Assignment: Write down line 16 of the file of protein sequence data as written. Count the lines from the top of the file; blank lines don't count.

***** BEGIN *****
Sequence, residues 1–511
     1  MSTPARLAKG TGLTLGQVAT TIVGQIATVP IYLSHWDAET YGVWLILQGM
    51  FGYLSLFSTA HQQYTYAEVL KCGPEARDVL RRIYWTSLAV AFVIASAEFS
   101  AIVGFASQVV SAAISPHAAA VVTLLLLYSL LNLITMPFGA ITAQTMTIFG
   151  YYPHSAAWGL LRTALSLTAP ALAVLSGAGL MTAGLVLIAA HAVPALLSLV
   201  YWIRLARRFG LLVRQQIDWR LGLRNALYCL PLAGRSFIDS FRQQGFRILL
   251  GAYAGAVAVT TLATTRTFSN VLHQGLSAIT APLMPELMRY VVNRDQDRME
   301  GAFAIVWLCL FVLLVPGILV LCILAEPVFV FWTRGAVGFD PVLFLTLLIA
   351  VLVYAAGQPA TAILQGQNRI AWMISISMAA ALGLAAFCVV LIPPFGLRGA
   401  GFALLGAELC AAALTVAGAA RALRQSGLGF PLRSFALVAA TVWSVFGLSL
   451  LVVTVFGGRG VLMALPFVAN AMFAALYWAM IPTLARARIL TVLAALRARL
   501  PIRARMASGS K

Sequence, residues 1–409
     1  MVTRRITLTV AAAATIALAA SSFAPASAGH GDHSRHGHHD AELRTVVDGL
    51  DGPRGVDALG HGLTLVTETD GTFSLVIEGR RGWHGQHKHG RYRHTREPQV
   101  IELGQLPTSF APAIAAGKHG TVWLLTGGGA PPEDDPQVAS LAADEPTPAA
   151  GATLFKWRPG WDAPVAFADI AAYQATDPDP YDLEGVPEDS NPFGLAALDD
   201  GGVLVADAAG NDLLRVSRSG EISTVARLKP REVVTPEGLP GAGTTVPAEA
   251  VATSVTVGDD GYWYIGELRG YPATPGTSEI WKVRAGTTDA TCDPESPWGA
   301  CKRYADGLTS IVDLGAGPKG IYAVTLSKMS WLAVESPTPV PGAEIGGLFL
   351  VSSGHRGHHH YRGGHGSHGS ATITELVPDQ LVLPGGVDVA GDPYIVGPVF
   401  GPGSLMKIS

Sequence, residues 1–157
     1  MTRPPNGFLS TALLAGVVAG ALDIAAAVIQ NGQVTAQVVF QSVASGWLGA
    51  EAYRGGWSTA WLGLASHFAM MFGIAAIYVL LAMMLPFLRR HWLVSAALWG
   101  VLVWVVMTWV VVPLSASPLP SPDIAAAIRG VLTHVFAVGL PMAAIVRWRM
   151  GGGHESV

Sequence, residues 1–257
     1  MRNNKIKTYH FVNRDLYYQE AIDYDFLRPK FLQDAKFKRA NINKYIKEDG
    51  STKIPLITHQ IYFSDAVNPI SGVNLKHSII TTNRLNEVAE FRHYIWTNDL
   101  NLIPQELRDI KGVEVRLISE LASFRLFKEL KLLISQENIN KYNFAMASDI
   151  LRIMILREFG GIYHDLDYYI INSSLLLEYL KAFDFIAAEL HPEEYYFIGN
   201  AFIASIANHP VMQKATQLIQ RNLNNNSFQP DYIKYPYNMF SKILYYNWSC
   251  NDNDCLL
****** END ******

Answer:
   101  IELGQLPTSF APAIAAGKHG TVWLLTGGGA PPEDDPQVAS LAADEPTPAA